Diversity biases and steps to facilitate understanding leading towards an inclusive workplace

Regularly when I am called by a call center of a  company doing research or trying to sell me a service, I am mostly addressed as Mrs.  or Ms.  It is an unconscious bias of many telephone operators, who assume that my voice is female, while I am a male. 
In our daily routines, we are confronted with many different diversity biases, when we communicate and interact with people. In our journey, understanding biases, there are 4 main biases, that hinder us in building a diverse and inclusive workplace and that easily can create misunderstanding, conflict or not obtaining and motivating the most talented people.
1. Unconscious bias
Unconscious bias is implicit. It is unintended and subtle, based on unconscious thought. Typically unconscious bias happens involuntarily without any awareness or intentional control.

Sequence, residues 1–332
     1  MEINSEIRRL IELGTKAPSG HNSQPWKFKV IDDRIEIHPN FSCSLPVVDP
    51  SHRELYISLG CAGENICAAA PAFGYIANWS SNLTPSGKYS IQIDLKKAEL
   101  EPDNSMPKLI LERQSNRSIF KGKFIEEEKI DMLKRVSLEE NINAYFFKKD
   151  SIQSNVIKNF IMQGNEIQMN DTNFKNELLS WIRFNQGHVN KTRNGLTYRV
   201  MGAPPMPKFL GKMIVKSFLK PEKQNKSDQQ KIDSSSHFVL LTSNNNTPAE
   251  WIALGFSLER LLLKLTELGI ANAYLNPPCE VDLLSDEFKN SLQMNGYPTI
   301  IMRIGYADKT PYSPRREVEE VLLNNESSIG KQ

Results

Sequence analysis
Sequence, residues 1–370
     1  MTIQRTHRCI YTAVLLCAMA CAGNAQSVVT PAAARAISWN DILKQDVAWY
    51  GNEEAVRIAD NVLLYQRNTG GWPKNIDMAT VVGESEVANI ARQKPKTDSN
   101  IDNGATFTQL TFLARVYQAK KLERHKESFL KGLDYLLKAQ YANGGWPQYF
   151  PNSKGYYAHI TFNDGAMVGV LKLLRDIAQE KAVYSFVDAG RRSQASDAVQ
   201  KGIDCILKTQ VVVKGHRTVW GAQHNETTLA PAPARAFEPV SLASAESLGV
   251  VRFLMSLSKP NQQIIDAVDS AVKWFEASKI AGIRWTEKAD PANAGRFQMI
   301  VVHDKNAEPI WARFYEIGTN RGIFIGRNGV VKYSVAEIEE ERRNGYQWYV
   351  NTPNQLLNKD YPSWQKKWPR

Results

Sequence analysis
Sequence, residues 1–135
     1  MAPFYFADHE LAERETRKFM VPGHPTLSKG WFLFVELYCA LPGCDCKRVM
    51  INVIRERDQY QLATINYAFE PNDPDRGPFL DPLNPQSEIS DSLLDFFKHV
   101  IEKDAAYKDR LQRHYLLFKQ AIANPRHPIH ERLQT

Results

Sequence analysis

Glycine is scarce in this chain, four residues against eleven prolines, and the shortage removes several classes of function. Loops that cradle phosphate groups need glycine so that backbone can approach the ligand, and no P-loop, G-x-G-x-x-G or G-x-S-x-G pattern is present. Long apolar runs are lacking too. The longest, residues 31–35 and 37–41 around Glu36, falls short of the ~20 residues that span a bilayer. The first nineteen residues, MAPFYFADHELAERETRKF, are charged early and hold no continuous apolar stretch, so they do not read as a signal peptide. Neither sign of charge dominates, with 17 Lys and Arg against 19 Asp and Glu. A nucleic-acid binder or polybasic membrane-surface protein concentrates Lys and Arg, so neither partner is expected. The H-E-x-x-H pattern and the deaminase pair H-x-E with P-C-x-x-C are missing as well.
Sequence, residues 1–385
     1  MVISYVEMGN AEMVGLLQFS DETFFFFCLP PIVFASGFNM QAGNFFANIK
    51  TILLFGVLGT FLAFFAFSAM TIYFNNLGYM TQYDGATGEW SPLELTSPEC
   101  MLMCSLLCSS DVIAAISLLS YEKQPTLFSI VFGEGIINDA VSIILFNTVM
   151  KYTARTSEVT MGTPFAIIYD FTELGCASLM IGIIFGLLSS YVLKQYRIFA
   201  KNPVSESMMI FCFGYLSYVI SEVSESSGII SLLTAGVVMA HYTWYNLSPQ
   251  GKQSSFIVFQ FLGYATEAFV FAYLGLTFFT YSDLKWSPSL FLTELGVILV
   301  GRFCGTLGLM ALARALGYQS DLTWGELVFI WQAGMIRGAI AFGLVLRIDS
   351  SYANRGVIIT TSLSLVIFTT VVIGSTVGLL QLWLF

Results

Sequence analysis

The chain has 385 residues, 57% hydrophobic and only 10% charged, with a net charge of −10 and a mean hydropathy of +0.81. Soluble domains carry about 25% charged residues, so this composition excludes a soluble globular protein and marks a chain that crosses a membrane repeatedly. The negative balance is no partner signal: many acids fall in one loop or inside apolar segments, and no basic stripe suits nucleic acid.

2. Affinity bias
Affinity bias is the unconscious tendency to get along with others who are like us. It is easy to socialize and spend time with others who are not different. It requires more effort to bridge differences when diversity is present. Helen Turnbull,  CEO of Human Facets and having a 25+ year successful track record in the field of Global Inclusion, shares her experience on how she got scared and schocked in an airplane when she discovered that the pilot was a female. She was confronted with her mental models on how she expects pilots to be. ‘According to the world she was growing up, her understanding of reliable pilots were these who were men, tall and self-secured’. In her understanding, it came never to her mind that a pilot of an airplane could be a woman. This perspective made her scared and gave her a feeling of discomfort during the flight. How come, that we grow up with examples, that build our understanding of the world, but which can be totally wrong and inadequate?  Watch Hellen Trumble’s Ted Talk about how affinity biases, can hinder our perspectives and understanding of the world.